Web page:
Glossary H

Halogen

  • Elements that attack carbon. Fluorine, bromine, chlorine, astatine and iodine.

Hard face

  • A seal face either rotating or stationary. The most common materials are silicone carbide, ceramic, tungsten carbide, Stellite, Ni-resist. The hard face must be the wider seal face.

Harmonic vibration

  • Vibtrating in harmony with something near by. This can be a big problem for bearings in stationary or non running equipment.

Hastelloy “C”

  • A nickel rich, corrosion resistant metal used for mechanical seal springs and metal bellows because it is not sensitive to chloride stress corrosion.

Head

  • The equivalent height of the liquid. 20° C. water is used as the standard where 10 meters (33.9 ft.) of water equals one atmosphere (14.7 psi. or 1 bar). The term head is used instead of pressure in the centrifugal pump business.

Helium Light Band

  • A method of measuring seal face flatness. One helium light band equals 0.0000116 inches or 0.3 microns. Seal faces are normally lapped to within three helium light bands of flatness.

Horse power

  • 33,000 foot pounds per minute. A common method of measuring work.

Hydraulic balance

  • A method of reducing mechanical seal face loading by reducing the seal face closing area.

Hydraulic force

  • Occurs any time pressure acts on a seal face area. Force times distance divided by time is a measurement of work done.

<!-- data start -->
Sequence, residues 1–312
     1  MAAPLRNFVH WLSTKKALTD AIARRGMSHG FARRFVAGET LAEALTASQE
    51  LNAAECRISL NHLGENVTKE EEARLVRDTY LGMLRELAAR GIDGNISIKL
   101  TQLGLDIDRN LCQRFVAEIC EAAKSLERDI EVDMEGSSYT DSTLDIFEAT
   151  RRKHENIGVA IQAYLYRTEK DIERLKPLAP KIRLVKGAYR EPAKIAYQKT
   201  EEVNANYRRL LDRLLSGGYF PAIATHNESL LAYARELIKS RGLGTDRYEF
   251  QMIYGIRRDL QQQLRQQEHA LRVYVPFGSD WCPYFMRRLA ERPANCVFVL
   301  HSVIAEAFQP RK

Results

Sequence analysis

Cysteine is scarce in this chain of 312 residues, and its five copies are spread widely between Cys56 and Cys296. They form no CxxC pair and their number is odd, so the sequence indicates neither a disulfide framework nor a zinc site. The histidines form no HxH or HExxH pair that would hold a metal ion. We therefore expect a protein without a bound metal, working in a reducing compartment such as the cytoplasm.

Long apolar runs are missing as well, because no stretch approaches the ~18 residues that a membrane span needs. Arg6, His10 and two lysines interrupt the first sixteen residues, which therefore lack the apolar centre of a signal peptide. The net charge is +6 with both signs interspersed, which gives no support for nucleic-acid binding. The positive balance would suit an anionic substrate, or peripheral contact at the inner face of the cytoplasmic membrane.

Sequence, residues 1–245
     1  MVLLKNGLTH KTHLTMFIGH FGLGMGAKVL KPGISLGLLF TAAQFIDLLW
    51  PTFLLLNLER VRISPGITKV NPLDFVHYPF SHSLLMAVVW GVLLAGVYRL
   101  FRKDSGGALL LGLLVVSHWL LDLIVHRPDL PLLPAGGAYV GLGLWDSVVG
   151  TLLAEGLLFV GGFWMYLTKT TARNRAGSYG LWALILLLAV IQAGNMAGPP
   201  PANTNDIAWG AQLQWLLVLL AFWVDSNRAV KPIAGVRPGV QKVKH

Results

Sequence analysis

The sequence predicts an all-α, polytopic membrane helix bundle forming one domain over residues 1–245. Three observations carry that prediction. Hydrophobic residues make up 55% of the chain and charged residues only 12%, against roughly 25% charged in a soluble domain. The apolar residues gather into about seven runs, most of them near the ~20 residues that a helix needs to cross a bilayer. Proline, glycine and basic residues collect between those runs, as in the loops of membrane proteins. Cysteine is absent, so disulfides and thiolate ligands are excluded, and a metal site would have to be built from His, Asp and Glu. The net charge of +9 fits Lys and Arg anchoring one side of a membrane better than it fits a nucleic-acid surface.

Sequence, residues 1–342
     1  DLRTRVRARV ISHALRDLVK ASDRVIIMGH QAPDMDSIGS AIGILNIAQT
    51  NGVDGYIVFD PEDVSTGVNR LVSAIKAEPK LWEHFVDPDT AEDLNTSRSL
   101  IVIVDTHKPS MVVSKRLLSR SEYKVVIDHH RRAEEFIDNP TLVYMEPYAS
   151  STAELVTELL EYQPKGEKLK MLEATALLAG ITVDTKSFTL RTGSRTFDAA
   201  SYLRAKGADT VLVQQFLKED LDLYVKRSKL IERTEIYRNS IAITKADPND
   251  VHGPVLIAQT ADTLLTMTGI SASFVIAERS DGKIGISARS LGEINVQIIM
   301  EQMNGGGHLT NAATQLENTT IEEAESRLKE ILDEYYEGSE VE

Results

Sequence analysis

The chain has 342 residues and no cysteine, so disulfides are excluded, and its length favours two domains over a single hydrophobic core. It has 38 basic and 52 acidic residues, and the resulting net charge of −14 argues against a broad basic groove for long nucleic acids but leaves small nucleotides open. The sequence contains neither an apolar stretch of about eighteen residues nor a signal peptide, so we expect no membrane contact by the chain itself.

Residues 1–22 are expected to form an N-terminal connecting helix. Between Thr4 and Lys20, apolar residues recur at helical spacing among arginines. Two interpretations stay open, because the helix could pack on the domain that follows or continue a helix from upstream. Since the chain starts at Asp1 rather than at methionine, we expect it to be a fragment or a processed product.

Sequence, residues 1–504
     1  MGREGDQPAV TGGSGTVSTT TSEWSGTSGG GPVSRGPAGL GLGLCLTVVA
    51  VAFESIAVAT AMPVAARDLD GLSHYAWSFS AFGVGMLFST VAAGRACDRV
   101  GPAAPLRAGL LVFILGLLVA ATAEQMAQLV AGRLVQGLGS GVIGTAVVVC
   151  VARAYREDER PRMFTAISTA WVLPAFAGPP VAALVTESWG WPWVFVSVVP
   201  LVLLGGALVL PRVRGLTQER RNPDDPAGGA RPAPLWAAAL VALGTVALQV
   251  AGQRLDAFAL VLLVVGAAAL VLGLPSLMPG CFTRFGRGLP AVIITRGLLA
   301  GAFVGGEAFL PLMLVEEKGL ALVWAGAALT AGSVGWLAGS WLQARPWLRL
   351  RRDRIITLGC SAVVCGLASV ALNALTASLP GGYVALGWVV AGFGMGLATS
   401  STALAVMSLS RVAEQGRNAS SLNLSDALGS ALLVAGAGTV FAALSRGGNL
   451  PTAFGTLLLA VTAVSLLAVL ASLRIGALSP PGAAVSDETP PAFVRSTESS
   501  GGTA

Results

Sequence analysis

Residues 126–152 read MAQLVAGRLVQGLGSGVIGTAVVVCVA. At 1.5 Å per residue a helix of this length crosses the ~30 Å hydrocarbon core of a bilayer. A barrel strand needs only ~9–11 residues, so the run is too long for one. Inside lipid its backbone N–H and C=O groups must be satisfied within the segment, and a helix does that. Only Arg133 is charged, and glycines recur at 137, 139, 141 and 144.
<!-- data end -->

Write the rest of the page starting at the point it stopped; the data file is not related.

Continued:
Hydrocarbon

  • A petroleum product consisting of hydrogen and carbon.

Hydrodynamic force

  • Generated at the seal faces because, for all practical purposes, liquid is not compressible.

Hydrodynamic seal

  • Special geometric features on the seal face that provide lift by taking advantage of the rotation of one seal face upon the other.

Hydrogen embrittlement

  • A premature fatigue of metal caused by the presence of free hydrogen. This is a major cause of ceramic breakage in hot water seal applications, and bearing fatigue if moisture penetrates into the bearing case.

Hydronium ion

  • An ion formed by the transfer of a proton from one molecule of water to another. Used to determine the pH of a substance. Each step increases by a factor of ten.

Hydrostatic seal

  • Maintains a controlled gap between the seal faces by balancing the open and closing forces. There is a small amount of leakage across the faces when the shaft is rotating. Used in some compressor applications, but not very practical for the chemicals found in the process industry.

Hysteresis

  • The delay or lag that causes seal faces to open.

Posted

  • On February 09, 2018